Silence followed as Devlin turned and picked up the Baker rifle leaning against a chair near the window. He'd been up till three in the morning cleaning and oiling it, polishing the scarred wood until it gleamed, scrubbing the barrel inside and out until the cloth came away without a hint of black. He slipped it into its case and placed it on the cream velvet bedspread beside his valise.
"What are you taking that for?" Brahm asked. "Are you planning to do some shooting in Devon?"
This time Devlin shrugged just one shoulder. "I might."
"You cannot bear to leave it behind, can you?" What bothered him more, the insight or the compassion in Brahm's tone? It probably seemed foolish to Brahm that his younger brother was so dependent on something as inanimate as a gun, but he wouldn't judge him for it. Brahm never judged. Either because it wasn't in his nature, or because he knew he had no right.
"It's part of me." That rifle had been his constant companion for years. It had been there with him when he saw friends and fellow soldiers shot to bits on the battlefield. He had slept with it, eaten with it beside him. Hell, the whole time he had been in the army he didn't even take a piss without the Baker with him. How could he just "leave it behind" now that the fighting was over? He couldn't.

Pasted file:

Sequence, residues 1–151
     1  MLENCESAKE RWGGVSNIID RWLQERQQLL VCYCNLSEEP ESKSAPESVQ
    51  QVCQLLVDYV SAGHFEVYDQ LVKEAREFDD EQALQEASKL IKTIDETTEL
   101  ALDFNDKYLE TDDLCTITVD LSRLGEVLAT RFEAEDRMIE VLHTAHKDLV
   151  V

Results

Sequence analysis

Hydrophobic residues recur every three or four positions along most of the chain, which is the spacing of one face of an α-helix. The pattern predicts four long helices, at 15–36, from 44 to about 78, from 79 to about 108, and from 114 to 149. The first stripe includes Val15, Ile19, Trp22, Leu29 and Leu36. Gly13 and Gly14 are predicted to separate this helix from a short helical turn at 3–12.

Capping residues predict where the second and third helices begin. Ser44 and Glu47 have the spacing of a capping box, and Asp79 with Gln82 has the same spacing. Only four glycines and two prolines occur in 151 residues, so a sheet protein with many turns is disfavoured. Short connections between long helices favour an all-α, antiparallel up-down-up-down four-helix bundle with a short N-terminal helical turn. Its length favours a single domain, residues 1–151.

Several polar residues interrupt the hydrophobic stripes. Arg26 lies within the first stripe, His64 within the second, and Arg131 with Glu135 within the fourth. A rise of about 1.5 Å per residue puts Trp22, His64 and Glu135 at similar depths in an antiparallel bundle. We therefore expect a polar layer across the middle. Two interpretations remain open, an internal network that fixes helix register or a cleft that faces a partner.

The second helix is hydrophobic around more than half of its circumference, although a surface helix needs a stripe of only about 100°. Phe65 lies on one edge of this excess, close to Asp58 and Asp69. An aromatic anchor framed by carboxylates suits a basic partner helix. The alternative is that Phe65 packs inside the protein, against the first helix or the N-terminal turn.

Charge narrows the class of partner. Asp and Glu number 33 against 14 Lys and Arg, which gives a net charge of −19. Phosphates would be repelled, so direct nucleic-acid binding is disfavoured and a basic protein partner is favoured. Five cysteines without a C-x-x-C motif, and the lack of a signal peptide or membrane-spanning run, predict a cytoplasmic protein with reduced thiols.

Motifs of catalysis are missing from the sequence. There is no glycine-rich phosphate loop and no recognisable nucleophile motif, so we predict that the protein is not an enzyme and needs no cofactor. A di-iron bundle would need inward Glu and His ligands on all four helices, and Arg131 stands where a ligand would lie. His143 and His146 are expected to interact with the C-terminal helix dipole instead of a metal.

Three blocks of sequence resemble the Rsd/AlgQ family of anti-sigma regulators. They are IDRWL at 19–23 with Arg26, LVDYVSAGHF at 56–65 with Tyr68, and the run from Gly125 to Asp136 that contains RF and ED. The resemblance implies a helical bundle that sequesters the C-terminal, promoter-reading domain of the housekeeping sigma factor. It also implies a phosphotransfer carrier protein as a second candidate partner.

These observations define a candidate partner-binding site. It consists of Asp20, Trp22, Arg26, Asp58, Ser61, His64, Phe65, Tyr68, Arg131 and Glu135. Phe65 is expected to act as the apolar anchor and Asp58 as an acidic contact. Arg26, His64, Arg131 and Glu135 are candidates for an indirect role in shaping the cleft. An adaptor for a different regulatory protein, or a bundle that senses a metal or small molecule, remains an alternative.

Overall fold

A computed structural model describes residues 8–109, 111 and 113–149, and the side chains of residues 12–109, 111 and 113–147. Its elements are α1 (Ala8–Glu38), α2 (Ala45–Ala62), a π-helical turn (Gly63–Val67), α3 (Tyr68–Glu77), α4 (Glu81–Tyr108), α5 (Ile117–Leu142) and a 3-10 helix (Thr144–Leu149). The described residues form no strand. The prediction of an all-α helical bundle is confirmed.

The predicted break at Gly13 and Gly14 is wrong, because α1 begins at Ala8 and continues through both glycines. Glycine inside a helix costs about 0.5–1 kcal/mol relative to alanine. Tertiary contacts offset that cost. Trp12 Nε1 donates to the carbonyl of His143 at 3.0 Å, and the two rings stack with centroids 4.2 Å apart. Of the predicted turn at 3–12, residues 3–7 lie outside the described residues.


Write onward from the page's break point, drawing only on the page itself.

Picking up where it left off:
The Baker never turned its back on him, never let him down, and, like Brahm, never judged him.
"You have to forgive yourself for what happened, brother. Forgive and accept."
There it was. As the oldest, Brahm couldn't help but take responsibility for his younger brothers. This included trying to solve all their problems, even when he had more than enough of his own. He always seemed to know what they "had" to do. Unfortunately, he never seemed to know how to achieve it.
"Have you forgiven yourself?" Devlin asked, slipping the strap of the rifle case over his head so that the Baker rested at an angle across his back. Its weight was welcome and familiar.
Brahm shifted his weight, still resting against his cane. No doubt his leg was aching like the devil. "Not quite. But I'm trying. You have yet to attempt even that."
"How can I forgive what I did?" Picking up his valise, Devlin stepped around the foot of the bed toward the door. Brahm blocked his path.
"It was war."
He snorted. "Was that what it was?" How easy it was for someone who wasn't there to think he knew what it had been like. One had to be there to know, and sometimes Devlin wished to God that he had been sensible enough to stay the hell home.
Brahm's russet gaze was shrewd, and saw far more than Devlin was comfortable with. "Would you rather Carny had been killed?"
"No." But sometimes he wished it had happened differently.
"Of course not. He is damn grateful you did what you did." A thump of Brahm's cane punctuated his pronouncement. "So am I, for that matter. If you had not acted you might have been killed as well."
"Perhaps that would have been for the best." It was maudlin, but sometimes when the dreams got bad ...
If his brother didn't need his cane to remain upright, Devlin had no doubt Brahm would have hit him -- God knew where -- with the gleaming heavy oak ...For the First Time. Copyright © by Kathryn Smith. Reprinted by permission of HarperCollins Publishers, Inc. All rights reserved. Available now wherever books are sold.